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Sunday, August 24, 2014

Victor Davis Hanson: The IDF is the modern-day William Tecumseh Sherman

Victor Davis Hanson is not content with chocking up the world's hatred of Israel to anti-Semitism. He has a different explanation. Hanson argues that the IDF is a modern-day William Tecumseh Sherman.
The Israeli army was eerily Shermanesque when it went into Gaza. The IDF targeted the homes of the wealthy Hamas elite, the private sanctuaries of the tunnels, and the rocketry and other infrastructure of the Hamas terrorist state. The homes of civilians who did not have rockets in the backyard or tunnels in the basement were usually not hit, and that sent a telling Shermanesque lesson. Long after the international media’s cameras have left, Gazans will argue over why one man’s house was leveled and another’s was not, leading to the conclusion more often than not that one was being used by Hamas, either with or without its owner’s consent, while the other was not. But all Gazans suffered amid the selective targeting — as did all Georgians and Carolinians for their allegiance to a plantationist class whose own interests were not always the same as those of the non-slave-owning white poor. Fairly or not, the IDF was reminding the people of Gaza that while it tried to focus exclusively on Hamas, such selectivity was often impossible when Gazans followed such reckless leaders who deliberately shielded themselves among civilians.
The IDF taught the supposedly fearsome Islamic warriors of Hamas, who adopted the loud bells and whistles of primordial killers and who supposedly love death more than life, that nondescript Israeli conscripts, through hard training and with the help of sophisticated technology, were in fact far deadlier than a man in a suicide vest or an RPG-wielding masked bandit. The IDF, then, like Sherman, sought to dispel the romantic notion that a uniformed conscript army cannot fight a warrior culture, or that it becomes so baffled by insurgencies and asymmetrical warfare as to be rendered helpless. The IDF went into the heart of Gaza City and came out largely intact after defeating all those it encountered.
Sherman was obsessed with separating bellicose enemy rhetoric from facts on the ground. He believed that unless humiliation was a part of defeat, a tribal society of ranked hierarchies would always concoct myths to explain away failure. southern newspapers boasted that Sherman was a Napoleon trapped deep in a Russia-like Georgia and about to be cut apart by Confederate Cossacks. Yet when his Army of the West sliced through the center of the state, Sherman smiled that some southerners had suggested that he go instead over to South Carolina and attack those who “started” the war.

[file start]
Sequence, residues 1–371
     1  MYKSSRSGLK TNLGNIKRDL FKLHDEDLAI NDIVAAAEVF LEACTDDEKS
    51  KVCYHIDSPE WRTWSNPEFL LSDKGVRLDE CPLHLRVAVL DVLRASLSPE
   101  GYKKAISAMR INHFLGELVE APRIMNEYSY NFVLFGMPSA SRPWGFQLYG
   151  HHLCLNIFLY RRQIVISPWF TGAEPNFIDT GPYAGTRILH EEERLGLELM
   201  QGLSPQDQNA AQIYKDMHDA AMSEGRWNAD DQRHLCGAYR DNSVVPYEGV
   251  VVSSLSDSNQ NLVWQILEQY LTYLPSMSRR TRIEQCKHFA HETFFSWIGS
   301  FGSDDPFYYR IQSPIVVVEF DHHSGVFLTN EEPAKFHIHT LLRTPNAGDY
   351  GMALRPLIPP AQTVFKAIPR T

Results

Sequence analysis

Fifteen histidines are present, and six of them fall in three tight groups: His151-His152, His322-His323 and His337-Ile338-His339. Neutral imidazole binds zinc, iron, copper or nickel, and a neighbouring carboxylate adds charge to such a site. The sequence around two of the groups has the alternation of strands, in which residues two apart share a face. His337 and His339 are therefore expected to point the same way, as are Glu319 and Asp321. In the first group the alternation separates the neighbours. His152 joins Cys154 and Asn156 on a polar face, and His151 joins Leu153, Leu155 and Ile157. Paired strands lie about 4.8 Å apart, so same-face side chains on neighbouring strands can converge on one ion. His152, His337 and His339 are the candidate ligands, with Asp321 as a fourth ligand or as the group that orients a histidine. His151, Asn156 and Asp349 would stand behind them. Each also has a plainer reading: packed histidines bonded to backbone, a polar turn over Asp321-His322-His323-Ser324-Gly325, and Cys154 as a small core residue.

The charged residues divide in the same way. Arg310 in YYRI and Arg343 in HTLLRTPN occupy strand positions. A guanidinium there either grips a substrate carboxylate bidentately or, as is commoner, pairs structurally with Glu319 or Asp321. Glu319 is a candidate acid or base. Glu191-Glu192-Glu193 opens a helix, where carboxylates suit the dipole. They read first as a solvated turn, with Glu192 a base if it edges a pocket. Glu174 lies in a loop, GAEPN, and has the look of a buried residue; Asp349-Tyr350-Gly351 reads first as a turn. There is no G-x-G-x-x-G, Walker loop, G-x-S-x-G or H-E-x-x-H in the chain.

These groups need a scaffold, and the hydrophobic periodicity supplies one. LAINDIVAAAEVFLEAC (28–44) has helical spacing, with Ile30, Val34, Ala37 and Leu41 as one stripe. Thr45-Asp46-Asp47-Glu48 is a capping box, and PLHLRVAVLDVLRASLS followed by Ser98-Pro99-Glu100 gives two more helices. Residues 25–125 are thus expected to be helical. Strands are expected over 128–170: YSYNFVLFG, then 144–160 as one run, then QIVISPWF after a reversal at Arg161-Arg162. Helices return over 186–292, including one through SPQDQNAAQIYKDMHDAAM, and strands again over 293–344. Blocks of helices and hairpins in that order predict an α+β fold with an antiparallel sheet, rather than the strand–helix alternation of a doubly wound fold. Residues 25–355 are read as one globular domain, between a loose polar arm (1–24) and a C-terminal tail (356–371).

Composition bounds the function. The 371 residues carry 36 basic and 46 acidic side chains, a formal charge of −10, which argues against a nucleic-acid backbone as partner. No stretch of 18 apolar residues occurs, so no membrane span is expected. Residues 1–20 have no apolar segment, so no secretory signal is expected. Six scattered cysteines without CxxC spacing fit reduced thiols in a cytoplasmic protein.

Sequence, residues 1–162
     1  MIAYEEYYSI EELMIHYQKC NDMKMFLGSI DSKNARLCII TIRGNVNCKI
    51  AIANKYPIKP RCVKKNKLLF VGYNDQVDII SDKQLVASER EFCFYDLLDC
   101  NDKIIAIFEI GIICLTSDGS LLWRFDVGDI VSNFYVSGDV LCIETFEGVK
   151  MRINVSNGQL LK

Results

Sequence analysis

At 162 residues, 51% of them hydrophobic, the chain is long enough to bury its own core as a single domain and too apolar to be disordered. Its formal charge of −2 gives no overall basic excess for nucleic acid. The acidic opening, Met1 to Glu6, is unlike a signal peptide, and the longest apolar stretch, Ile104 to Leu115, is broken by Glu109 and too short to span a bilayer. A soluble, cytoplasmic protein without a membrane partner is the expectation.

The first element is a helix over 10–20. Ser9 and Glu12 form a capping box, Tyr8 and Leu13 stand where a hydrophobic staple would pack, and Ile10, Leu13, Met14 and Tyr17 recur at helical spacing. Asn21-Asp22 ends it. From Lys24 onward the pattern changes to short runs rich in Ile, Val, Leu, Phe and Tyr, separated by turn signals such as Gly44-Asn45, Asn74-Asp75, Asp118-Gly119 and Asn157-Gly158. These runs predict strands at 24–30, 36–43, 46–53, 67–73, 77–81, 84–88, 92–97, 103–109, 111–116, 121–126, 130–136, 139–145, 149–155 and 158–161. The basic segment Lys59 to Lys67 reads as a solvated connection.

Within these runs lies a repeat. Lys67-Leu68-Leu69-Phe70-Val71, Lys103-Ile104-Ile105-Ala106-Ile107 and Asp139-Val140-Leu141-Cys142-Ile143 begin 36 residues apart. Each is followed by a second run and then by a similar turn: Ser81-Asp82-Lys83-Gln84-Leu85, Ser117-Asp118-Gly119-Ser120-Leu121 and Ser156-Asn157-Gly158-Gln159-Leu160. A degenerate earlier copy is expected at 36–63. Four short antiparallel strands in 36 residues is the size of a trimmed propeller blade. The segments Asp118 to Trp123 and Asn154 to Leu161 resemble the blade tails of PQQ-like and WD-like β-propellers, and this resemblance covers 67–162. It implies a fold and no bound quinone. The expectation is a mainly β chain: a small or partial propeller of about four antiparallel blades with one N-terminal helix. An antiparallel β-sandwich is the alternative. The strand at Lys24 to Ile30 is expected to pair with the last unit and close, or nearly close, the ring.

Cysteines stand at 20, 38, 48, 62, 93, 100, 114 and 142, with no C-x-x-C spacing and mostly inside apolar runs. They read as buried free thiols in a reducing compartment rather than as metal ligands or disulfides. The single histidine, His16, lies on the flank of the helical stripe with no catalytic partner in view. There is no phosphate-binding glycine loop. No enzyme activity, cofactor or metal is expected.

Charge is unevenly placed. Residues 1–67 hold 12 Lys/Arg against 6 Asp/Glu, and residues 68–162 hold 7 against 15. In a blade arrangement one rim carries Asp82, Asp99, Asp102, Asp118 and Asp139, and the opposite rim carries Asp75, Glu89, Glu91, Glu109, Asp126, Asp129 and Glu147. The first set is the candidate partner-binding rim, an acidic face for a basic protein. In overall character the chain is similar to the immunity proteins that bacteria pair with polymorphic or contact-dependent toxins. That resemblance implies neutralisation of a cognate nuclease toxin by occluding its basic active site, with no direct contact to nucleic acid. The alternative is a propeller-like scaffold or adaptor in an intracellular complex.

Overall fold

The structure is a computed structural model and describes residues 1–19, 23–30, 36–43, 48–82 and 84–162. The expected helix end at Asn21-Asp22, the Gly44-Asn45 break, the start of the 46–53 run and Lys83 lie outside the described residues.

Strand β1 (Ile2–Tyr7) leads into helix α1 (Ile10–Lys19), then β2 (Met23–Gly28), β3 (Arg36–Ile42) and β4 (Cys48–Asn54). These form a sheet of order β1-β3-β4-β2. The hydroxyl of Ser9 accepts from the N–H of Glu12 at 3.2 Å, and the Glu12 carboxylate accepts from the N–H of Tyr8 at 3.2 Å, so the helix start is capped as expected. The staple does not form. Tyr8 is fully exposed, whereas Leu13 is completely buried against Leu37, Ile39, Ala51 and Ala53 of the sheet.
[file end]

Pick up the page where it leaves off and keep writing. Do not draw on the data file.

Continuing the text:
Again, once the IDF is out of Gaza, civilians will ask their leaders what the tunnels and rockets, the child tunnel-diggers, the use of human shields, and all the braggadocio were supposed to achieve. What will Hamas tell its donors, when it requests money for more cement and rebar? That it wishes to build schools and hotels and not more instruments of collective suicide?
Sherman welcomed the hatred he earned from the South. He understood well the dictum of Machiavelli that men hate far more those who destroy their patrimonies than those who kill their fathers. He accepted that humiliating the South was a far graver sin than destroying its manhood, as Grant had done from May to September 1864 in northern Virginia. Lee at least could say that brave southerners had killed thousands of Grant’s troops in defense of their homeland; Sherman’s opponents, like Generals Hardee, Hood, and Johnson, could not brag that very few northerners died marching through Georgia or the Carolinas.
Sherman’s rhetoric was bellicose, indeed uncouth — even as he avoided killing as many southerners as he could. He left civilians as mad at their own leaders as at him. For all that and more, he remains a “terrorist,” while the bloodbaths at Cold Harbor and the Crater are not considered barbaric — and just as the world hates what the IDF did in Gaza far more than the abject butchery of the Islamic State, which at the same time was spreading savagery throughout Syria and Iraq, or than the Russians’ indiscriminate killing in Ukraine, or than what passes for an average day in the Congo.
Sherman got under our skin, and so does the IDF. Today we call not losing very many soldiers “disproportionate” warfare, and leaving an enemy’s territory a mess and yet without thousands of casualties “terrorism.” The lectures from the IDF about the cynical culpability of Hamas make the world as livid as did Sherman’s sermonizing about the cowardly pretensions of the plantationist class.
We tend to hate most deeply in war those who despoil us of our romance, especially when they humiliate rather than kill us — and teach us the lesson that the louder and more bellicose often prove the more craven and weak.
Read the whole thing.

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